Asylum Seekers May Get Parts of Exempt Records

     (CN) – A Venezuelan journalist may be entitled to some of the previously withheld asylum documents he has been seeking for two years because they don’t reveal the government’s deliberative process, a federal judge ruled.
     Nelson Mezerhane Gosen and his family sought asylum in the United States in 2010 because he claimed they faced political persecution in their home county of Venezuela.
     Gosen was the co-founder of the country’s last independent television station and he refused to shut down programming critical of the Hugo Chavez regime, according to court documents.
     His family waited in “immigration limbo” for more than three years, so Gosen filed a Freedom of Information Act request for documents related to his pending asylum claim, the ruling states. His daughter, Maria Mezerhane de Schnapp, also requested her asylum documents.
     U.S. Citizenship and Immigration Services released 498 pages but withheld 55 pages and redacted 84 others. Gosen challenged the exemptions in a July 2013 lawsuit, and subsequent negotiations narrowed the number of contested documents to 77.
     Gosen’s family was notified in November 2013 that they were granted asylum, but they continued to seek access to withheld documents, court records show. Gosen also claimed the immigration service actually granted his family asylum in 2010, but waited three years to notify them.
     A federal judge ruled last year that the immigration service may have wrongly withheld some information excluded under one exemption. However, that judge also ruled that the government properly withheld most documents under three other exemptions.
     On Thursday, U.S. District Judge John Bates ruled that the documents withheld under FOIA Exemption 5, which applies to privileged agency communications, are “predecisional.”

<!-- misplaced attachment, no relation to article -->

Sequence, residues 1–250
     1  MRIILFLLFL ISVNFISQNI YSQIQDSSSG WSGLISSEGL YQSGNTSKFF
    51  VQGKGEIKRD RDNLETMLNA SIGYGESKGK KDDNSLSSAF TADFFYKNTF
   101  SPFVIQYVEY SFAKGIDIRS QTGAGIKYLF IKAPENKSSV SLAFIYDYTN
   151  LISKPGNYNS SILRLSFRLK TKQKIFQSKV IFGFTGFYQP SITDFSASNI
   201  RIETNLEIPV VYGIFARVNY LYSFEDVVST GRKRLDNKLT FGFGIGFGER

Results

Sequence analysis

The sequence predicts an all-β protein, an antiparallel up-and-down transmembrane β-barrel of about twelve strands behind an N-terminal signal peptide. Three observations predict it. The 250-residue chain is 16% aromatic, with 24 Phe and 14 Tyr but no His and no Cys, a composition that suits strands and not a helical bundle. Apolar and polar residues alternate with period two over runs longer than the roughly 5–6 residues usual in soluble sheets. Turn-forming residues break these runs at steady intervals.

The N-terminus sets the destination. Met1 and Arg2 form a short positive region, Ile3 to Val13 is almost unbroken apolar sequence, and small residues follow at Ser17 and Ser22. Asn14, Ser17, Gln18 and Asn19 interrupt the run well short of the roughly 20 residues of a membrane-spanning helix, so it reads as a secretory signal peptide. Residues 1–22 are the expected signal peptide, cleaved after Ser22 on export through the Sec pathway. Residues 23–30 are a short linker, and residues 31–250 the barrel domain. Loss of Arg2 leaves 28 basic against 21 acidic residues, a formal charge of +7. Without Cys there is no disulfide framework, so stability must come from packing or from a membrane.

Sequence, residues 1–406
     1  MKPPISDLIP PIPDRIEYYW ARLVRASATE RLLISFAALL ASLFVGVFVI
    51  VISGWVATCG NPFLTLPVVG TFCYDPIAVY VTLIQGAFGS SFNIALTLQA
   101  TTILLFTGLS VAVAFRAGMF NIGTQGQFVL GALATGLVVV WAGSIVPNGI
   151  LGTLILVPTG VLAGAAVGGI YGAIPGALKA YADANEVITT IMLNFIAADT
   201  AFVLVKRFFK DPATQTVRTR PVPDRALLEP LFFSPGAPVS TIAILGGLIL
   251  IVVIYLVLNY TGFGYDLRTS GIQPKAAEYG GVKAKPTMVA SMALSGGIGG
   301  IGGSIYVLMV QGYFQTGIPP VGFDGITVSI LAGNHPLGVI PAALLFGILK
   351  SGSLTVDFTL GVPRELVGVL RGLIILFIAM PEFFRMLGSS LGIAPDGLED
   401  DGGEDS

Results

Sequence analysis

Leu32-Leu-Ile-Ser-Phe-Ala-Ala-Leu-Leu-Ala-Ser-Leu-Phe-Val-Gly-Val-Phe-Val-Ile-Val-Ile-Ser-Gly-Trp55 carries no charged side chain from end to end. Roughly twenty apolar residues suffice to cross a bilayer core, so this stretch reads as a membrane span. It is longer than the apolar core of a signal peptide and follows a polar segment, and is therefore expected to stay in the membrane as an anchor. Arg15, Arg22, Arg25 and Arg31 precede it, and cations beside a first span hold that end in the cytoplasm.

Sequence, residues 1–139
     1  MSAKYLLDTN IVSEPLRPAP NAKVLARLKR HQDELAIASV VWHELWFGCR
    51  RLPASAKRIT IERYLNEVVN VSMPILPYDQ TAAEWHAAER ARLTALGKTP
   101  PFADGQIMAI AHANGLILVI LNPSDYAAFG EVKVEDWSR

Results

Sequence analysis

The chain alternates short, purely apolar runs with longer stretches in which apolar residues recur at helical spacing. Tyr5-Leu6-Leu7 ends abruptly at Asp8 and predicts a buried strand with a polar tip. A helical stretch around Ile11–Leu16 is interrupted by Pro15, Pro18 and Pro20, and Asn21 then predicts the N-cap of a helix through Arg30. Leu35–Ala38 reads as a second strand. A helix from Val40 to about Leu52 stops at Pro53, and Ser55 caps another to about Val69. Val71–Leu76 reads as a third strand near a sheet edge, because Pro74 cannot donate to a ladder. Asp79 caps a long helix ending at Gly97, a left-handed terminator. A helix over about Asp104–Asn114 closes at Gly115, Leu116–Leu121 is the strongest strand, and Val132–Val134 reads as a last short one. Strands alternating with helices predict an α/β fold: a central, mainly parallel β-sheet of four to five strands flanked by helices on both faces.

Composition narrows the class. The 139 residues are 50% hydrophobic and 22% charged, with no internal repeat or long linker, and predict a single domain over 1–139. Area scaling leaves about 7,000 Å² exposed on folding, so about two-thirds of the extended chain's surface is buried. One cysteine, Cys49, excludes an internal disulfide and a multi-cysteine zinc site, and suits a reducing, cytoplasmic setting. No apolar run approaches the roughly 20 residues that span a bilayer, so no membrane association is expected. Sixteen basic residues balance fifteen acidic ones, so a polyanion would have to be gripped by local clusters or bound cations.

The judge disagreed with Gosen and Schnapp’s claim that they were granted asylum before 2013. He cited evidence showing that a vetting and security check process was not completed in 2010, meaning the government could not have granted them asylum at that time.
     “There was no final agency decision to grant asylum to the Mezerhanes until November 2013; the documents at issue here predated that decision and are thus protected under the deliberative-process privilege,” Bates wrote.
     Bates, assessing Gosen and Schnapp’s FOIA actions together held that Exemption 5 applies to the disputed documents.
     “No document presents the reasons for an alleged grant of asylum in 2010. Rather, the documents in dispute were ‘prepared in order to assist’ the agency in making the November 2013 decision,” he wrote. “The documents thus exhibit the very essence of ‘predecisional’ materials.”
     However, the judge ruled that some material within the exempt documents can be released.
     “The court has reviewed the documents in question and finds that there is at least some factual material that may not expose the deliberative process,” Bates wrote. Examples of information that could be released include factual assessment introductions, published report quotes and a chronological list of testimony, according to the ruling.
     Bates ordered the government to reassess the remaining disputed pages and “disclose all reasonably segregable portions of non-exempt material,” the ruling states.

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